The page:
New York herein is the province of the mind, the mind of the Italian movie director: bustling with traffic and lined with tall skyscrapers that mimic ideas, constructs. And yes, Fulci films in New York. We see our first uberzombie on the boat, which is the Fulcian lead zombie, with head tilted slightly back, haughty, seemingly indestructable. The uberzombie is a big ole monster that just appears from the hold on the boat like a stray nightmare.
Nameless, nondescript dead wrapped in sheets are shot in the head, a wholesale slaughter that mounts a tally over time as the nameless and nondescript are dispatched one by one, and we are not to see the process but to understand. Maybe the mad doctor's trepidation is the conscience of Fulci, that maybe he should not do this, should not release his mad vision to the world, because maybe the world is not ready. Having discovered something, he fights, he dispatches, because the better part of him speaks up.
A word about Ian: he's the foil of the peice, finding out about the madness on the island on his southern sojourn, that too a part of the mind, a hellish subconscious that would torture a sane person, but kept in check by the dispatching bullets of a mad doctor, a doctor filled with worry, listening to the drums beat in the jungle as the dead pile higher and higher.
As Auretta Gay removes her bikini top and Ian, the half-gay Brit smiles, the film takes on an importance, though the boatswain remains ambivalent, as if to say to himself "so what?". As she straps on scuba gear, running a nylon strap over her thong and strapping it down, the film is then divided into hemispheres, demarcated, ideas matriculate, and we know their lives are all up in the air then, as though having fallen from grace on approach to the island hell. But she just wanted a half-nude dive, and that much is denied as she finds another zombie, lurking under the water. The zombie is then assaulted by a curious shark and the poetry of the piece becomes more than just metaphors, but a ballet as green blood courses from the gills of the aquatic beast.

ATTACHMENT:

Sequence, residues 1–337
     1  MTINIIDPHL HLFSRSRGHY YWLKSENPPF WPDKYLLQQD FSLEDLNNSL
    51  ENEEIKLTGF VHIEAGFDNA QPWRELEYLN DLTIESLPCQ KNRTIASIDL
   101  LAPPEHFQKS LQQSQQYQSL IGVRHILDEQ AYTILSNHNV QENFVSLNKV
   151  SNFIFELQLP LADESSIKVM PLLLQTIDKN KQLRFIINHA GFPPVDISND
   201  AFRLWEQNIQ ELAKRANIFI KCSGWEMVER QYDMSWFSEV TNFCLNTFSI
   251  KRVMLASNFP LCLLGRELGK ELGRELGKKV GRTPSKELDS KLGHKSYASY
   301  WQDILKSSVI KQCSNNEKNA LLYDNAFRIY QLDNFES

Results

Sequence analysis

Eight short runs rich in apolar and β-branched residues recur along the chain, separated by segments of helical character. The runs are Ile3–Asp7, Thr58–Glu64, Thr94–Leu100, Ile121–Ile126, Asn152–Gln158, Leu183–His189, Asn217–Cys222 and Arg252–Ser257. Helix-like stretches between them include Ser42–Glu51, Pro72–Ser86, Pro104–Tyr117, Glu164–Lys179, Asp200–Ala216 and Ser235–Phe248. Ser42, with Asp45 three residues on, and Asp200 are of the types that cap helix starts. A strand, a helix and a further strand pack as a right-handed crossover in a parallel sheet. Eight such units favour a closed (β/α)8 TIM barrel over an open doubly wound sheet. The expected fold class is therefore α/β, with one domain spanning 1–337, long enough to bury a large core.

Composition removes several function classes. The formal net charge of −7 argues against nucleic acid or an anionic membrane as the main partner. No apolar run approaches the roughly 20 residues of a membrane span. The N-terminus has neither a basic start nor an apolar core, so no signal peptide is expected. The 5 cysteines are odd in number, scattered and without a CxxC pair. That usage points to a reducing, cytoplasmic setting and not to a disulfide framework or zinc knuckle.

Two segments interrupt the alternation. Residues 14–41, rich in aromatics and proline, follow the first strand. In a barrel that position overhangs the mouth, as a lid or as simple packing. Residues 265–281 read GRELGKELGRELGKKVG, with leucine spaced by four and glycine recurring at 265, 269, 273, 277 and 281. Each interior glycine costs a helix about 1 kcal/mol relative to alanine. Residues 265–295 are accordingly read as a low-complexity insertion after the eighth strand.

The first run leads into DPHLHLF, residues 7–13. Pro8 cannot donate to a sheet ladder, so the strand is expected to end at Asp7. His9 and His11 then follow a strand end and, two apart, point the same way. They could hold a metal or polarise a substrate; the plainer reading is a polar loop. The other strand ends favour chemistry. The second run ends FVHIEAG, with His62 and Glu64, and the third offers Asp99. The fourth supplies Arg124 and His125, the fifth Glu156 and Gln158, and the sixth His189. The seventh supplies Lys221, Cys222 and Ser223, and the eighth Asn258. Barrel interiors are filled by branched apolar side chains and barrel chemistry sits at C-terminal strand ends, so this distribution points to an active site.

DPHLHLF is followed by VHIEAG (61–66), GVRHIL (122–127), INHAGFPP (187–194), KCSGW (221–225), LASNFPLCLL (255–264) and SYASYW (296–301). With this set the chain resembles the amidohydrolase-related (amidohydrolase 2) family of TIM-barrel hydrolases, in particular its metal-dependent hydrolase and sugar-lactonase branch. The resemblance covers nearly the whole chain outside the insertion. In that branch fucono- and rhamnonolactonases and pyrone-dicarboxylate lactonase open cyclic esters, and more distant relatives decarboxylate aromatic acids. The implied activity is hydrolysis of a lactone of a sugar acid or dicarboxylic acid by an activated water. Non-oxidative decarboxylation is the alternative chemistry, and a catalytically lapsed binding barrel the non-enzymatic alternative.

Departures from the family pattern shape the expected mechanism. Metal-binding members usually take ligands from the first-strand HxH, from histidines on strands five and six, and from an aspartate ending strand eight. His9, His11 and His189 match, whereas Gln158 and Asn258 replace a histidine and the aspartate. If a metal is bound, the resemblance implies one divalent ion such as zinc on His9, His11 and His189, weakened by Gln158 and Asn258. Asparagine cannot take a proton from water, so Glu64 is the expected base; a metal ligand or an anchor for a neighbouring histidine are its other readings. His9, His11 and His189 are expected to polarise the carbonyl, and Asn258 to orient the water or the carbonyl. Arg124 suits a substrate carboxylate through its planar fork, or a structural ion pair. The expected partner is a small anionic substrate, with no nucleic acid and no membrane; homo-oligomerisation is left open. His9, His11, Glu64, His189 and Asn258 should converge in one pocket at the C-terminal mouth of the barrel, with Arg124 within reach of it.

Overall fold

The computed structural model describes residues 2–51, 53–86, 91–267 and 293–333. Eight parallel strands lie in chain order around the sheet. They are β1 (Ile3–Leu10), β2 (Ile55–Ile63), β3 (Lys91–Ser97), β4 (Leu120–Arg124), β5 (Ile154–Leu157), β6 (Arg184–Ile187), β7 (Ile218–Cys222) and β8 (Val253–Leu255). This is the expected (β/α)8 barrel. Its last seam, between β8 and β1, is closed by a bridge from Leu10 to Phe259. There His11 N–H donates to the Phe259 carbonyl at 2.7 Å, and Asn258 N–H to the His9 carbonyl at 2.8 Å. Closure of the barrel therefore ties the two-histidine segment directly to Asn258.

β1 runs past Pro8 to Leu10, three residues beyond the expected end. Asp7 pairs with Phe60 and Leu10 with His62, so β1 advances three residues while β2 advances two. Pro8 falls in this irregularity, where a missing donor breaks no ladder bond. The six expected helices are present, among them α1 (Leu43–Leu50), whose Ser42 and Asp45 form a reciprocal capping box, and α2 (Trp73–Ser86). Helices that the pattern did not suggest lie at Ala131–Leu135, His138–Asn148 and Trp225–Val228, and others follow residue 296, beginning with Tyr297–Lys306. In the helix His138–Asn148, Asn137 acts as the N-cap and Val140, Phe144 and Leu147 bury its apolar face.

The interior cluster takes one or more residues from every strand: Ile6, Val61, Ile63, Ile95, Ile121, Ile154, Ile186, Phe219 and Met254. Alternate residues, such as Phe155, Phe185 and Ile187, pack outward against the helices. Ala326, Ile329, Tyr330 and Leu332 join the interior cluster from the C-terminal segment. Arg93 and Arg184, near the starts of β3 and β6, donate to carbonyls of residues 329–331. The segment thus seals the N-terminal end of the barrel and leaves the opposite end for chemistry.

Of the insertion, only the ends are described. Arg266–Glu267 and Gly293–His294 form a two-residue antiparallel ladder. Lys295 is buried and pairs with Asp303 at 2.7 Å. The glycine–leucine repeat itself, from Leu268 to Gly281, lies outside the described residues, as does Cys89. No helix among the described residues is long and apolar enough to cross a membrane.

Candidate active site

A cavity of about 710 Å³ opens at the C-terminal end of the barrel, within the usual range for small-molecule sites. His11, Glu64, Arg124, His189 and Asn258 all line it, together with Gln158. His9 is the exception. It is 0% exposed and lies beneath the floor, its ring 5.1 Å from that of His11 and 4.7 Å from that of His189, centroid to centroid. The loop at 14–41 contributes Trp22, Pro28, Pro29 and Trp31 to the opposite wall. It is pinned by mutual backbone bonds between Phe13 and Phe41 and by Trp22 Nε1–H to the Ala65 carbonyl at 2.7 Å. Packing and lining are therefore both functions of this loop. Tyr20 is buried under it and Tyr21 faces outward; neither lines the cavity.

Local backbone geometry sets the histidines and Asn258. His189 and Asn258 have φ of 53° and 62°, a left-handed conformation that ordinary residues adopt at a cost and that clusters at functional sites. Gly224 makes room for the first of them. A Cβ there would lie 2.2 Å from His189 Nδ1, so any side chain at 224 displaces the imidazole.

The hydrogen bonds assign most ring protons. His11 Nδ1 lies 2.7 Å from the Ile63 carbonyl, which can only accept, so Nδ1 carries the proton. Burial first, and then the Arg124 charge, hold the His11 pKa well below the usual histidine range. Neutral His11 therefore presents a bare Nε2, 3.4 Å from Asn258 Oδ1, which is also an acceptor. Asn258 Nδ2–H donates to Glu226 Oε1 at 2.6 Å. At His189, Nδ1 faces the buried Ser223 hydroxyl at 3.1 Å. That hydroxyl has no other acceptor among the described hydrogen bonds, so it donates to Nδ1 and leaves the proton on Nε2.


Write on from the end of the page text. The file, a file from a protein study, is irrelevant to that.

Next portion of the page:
A word about the eye-gag after the nude shower scene: this is Fulci struggling with his audience to be understood, and therein he is perhaps too bold, not as fine in his story points as an Eastwood or a Spielberg. Nevertheless, the doc's wife is killed through her eyeball(am I saying this right, or just mixing my own metaphors), and the wood shard is broken off inside her head as she falls dead. Therein is a demented juvenile poetry, a bird-brained Shakespearean motif played to no effect, no notice, by Fulci.
Yes, they take refuge in a church and hurl firebombs at the zombies. You would think then they would be harassed by burning zombies, which would have been cool from my perspective as an effects-first sort of fellow, but alas no: the burning zombies fall dead. There are close quarters bites and other nonsensory as the group fights for its life amidst the swarming undead, and the ever-present beating of the drums from the jungle. I would also say a three-hundread year old corpse couldn't rise as a zombie, and yet Fulci gave us that bend, that it wouldn't have rotted to dust, but would have muscle tissue that could reanimate. Well. Okay. I didn't make the movie. So ancient sins even come to visit the island hell.
A word about the final shot of the movie: bridge traffic in New York is slow is hell.